Twitter says automated tools now flag 38 percent of abusive tweets

Twitter says automated tools now flag 38 percent of abusive tweets

Twitter said its automated systems proactively flag 38 percent of abusive tweets removed from the platform, touting the figure in an announcement on Tuesday.

Just a year ago, that number was zero percent, as Twitter's policies dictated that it would only take action against tweets reported by users. 

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Twitter faced widespread criticism for that policy, with critics claiming it was a method of abdicating responsibility over the platform's rampant harassment problem. Over the past year, Twitter has invested in systems to detect "abusive" content before it is reported to them.

"People who don’t feel safe on Twitter shouldn’t be burdened to report abuse to us," Twitter wrote in a blog post on Tuesday. "Previously, we only reviewed potentially abusive Tweets if they were reported to us. We know that’s not acceptable, so earlier this year we made it a priority to take a proactive approach to abuse in addition to relying on people’s reports."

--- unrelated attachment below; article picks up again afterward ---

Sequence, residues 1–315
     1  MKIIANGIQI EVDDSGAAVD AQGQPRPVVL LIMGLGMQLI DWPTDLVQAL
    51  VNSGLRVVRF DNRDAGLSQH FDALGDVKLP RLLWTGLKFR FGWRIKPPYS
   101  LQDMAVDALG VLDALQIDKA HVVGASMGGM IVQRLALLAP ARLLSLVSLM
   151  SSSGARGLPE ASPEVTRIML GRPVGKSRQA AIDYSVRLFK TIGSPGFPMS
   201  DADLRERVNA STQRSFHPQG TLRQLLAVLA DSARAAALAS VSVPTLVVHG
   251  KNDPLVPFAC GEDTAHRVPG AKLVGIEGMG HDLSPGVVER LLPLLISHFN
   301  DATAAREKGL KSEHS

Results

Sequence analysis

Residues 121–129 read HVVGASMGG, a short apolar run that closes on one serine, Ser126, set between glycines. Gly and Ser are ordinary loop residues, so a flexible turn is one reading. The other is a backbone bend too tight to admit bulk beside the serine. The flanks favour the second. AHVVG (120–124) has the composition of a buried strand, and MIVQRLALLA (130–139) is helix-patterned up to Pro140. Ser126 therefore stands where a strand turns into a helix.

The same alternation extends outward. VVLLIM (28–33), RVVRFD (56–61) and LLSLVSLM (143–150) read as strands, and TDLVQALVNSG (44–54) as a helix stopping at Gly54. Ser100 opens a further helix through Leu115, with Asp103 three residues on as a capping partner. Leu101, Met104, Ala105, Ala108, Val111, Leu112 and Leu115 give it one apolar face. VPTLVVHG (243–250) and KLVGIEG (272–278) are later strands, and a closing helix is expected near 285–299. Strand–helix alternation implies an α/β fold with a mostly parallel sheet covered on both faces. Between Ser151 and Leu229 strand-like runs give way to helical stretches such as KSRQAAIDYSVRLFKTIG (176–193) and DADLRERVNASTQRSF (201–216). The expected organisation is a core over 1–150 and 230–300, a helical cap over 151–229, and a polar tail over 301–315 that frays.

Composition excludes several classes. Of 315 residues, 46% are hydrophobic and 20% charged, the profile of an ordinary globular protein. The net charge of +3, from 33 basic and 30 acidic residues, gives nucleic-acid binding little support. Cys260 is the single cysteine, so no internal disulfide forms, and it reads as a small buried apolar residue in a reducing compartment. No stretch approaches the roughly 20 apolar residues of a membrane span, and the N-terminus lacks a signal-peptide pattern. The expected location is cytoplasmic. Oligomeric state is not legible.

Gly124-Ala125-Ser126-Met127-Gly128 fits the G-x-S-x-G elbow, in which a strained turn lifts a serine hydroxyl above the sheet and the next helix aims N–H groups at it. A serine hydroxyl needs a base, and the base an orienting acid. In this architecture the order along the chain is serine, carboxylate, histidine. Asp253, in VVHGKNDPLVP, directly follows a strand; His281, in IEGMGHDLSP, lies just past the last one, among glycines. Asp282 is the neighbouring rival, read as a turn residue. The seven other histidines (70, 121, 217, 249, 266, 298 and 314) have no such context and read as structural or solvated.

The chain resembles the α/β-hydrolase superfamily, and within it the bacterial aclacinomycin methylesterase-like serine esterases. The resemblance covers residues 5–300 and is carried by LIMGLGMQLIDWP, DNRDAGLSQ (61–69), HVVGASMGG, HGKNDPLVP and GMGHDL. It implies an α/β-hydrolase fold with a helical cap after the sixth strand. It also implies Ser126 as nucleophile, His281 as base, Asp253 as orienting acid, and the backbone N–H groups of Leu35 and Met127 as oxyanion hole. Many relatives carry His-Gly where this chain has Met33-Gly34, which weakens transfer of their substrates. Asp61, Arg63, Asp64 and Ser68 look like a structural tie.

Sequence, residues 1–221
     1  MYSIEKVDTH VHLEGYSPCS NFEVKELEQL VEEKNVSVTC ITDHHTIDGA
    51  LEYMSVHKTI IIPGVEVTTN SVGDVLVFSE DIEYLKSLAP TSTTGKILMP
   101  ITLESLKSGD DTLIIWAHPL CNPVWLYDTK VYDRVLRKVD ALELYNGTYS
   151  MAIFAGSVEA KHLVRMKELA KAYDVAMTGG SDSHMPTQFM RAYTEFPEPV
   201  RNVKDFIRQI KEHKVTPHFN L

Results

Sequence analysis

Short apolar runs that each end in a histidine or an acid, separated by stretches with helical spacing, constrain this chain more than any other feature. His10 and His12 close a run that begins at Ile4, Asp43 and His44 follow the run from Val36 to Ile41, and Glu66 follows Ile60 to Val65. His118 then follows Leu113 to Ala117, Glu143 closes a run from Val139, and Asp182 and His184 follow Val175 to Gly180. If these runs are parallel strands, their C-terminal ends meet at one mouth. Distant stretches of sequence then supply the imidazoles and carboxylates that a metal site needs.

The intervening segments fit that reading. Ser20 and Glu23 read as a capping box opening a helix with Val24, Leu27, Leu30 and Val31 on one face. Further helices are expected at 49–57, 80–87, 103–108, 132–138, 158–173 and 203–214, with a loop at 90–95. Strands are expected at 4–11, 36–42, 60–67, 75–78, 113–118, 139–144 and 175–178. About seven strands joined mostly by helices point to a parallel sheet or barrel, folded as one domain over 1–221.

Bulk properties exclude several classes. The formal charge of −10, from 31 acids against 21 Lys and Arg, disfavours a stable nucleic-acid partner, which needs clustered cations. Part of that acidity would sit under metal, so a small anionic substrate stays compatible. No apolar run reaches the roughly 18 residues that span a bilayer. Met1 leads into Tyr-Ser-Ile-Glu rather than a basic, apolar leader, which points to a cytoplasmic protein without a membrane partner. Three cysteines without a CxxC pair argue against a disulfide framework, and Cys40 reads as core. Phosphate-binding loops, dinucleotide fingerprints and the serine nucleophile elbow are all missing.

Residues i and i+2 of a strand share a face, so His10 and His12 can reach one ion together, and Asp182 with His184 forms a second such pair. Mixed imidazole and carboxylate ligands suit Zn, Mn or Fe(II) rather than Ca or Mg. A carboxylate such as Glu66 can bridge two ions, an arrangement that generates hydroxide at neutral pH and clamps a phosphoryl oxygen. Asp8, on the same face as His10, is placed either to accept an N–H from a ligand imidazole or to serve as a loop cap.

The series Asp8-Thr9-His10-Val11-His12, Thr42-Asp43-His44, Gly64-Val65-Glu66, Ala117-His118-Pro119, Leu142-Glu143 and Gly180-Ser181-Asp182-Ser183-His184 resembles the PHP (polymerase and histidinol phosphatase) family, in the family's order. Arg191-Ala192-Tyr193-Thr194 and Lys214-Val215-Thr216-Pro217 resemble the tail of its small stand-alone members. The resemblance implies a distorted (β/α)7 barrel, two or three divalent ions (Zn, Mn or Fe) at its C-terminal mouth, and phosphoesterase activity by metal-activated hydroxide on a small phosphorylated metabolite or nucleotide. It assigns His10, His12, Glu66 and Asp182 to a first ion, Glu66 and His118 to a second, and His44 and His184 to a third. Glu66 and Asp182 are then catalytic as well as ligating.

Twitter's Tuesday blog post highlights multiple statistics that it says reveal the progress the company has made when it comes to the "health" of conversation on the platform. "Health" refers to Twitter's ongoing efforts to root out content that is hateful, harassing, untrue or otherwise inflammatory. 

Content described as abusive by Twitter includes posts that are deemed hateful or threatening. 

The platform has long faced criticism that it incentivizes outrageous or cruel behavior, leading to a polarized online environment. 

Twitter on Tuesday said it suspended 100,000 accounts that users who had been suspended earlier this year created to get around their suspensions.

It also said it has been acting more quickly in responding to requests from users appealing decisions to take down content, and that it has been able to suspend three times more abusive accounts within 24 hours after a report compared to last April. 

Twitter in the post said it is continuing to improve the technology that flags abusive content before it is reported. 

It also announced that, starting in June, it will allow Twitter users to hide replies to their tweets.

Updated at 2:52 p.m.